DevExpress Newsletter 24: Message from the CTO

24 March 2010

Now that we’re doing my Message from the CTO in the DevExpress newsletter as a video, I’ve had a couple of requests to make sure that I publish the text as a blog post. Here’s the Message from Newsletter 24 (the video is here):

Opportunity Costs

Last time I talked about sunk costs and the requirement to ignore them when making decisions between two different strategies.

This time, I want to talk about opportunity costs. In one sense it's fairly simple: if you have a decision to make about two mutally distinct outcomes, the opportunity cost of selecting the best choice is the next-best choice.

Suppose you have the choice of spending $15 on going to the movies or buying a DVD. If you select to go to the movies, your opportunity cost is the DVD. If you buy the DVD, the opportunity cost is the trip to the movies. In software development, opportunity costs come up all the time: we often have to make a decision about which project to take on, given a choice, and the opportunity cost of choosing a particular one is the best idea we didn't choose. Note that opportunity costs are not necessarily monetary, but can be related to anything else of value to the person deciding.

Closely related to opportunity cost is the notion of "There ain't no such thing as a free lunch", or TANSTAAFL ("tan stah full") as I tried to pronounce it when I first came across it. The free lunch term came about in the days when saloons in the States used to offer a free lunch to patrons who ordered a drink. In reality, the lunch wasn't "free" (that's free as in beer to quote Richard Stallman) but was paid for because the drinks were priced higher and patrons would usually have two or more drinks. In other words, tan stah full says: to get something we desire generally means giving up the opportunity to get something else. It "costs" us in some sense to make the choice; it is not free. This is opportunity cost.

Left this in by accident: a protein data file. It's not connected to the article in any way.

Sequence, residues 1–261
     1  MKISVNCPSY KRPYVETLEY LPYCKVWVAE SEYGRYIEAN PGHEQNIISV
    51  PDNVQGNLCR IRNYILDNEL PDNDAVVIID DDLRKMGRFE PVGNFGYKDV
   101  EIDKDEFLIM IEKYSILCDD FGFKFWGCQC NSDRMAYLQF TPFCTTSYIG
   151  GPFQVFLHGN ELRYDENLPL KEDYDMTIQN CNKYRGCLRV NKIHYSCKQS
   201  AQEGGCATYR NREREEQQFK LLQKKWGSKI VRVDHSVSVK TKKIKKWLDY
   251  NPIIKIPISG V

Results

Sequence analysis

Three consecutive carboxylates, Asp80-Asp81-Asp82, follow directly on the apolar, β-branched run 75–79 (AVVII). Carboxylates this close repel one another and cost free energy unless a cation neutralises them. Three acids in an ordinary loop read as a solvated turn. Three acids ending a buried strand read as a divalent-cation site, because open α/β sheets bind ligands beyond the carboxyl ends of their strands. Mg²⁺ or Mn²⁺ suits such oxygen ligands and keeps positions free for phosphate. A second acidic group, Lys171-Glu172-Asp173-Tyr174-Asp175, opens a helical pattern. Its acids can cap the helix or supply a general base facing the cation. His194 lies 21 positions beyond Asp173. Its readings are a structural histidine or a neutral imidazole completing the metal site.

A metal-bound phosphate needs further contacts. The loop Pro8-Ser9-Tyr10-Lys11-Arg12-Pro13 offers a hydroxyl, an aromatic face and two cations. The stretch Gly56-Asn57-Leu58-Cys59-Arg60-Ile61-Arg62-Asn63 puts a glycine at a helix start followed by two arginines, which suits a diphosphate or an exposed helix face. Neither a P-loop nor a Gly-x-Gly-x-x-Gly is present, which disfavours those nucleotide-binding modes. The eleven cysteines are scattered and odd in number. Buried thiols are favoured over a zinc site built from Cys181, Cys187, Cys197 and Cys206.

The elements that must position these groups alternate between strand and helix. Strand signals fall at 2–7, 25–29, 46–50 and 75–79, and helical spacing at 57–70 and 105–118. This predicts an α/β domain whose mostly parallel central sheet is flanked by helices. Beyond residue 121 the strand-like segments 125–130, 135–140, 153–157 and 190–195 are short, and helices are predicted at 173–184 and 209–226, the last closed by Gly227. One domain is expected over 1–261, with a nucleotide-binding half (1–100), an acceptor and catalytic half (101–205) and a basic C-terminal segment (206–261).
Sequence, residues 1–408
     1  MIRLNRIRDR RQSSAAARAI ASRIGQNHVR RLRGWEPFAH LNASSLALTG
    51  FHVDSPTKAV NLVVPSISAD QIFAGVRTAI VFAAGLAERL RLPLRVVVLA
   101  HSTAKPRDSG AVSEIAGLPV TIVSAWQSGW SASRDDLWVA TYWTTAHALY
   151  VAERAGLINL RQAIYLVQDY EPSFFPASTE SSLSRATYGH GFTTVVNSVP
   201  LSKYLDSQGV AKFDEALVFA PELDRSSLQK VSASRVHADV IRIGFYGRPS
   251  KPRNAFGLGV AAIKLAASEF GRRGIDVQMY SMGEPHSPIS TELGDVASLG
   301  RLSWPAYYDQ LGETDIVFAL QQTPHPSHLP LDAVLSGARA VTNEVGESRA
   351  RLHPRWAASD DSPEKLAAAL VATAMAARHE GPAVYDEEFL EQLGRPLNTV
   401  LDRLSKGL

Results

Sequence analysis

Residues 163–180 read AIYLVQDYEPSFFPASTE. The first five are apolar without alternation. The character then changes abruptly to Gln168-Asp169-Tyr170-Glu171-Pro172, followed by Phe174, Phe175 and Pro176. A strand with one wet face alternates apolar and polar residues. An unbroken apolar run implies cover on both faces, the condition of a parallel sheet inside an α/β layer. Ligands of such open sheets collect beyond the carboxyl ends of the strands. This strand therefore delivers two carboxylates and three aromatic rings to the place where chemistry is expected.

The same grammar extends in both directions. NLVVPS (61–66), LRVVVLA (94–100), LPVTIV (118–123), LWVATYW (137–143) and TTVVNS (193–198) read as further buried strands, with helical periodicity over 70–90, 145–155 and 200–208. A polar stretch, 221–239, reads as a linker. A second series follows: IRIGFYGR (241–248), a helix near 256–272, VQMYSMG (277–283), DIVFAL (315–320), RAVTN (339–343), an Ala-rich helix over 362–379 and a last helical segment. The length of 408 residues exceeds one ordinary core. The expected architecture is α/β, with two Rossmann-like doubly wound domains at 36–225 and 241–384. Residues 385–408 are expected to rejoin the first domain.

At Developer Express we use the term sometimes to explain why we don't add a particular feature or control. We recognize that a given idea is valuable, but, since we have limited resources, we can only do it by not doing something else. The opportunity cost of doing a possible new feature over here is not doing another feature over there, and that second feature may in fact be more valuable in terms of revenue. However if enough people vote for or pester us about the first feature, it may be more valuable in terms of goodwill, for example. Opportunity costs may not be monetary, remember.

So, when thinking about what course of action to take, you should not only discount your sunk costs, but also consider your opportunity costs. Harder to evaluate perhaps, but definitely worth thinking about.

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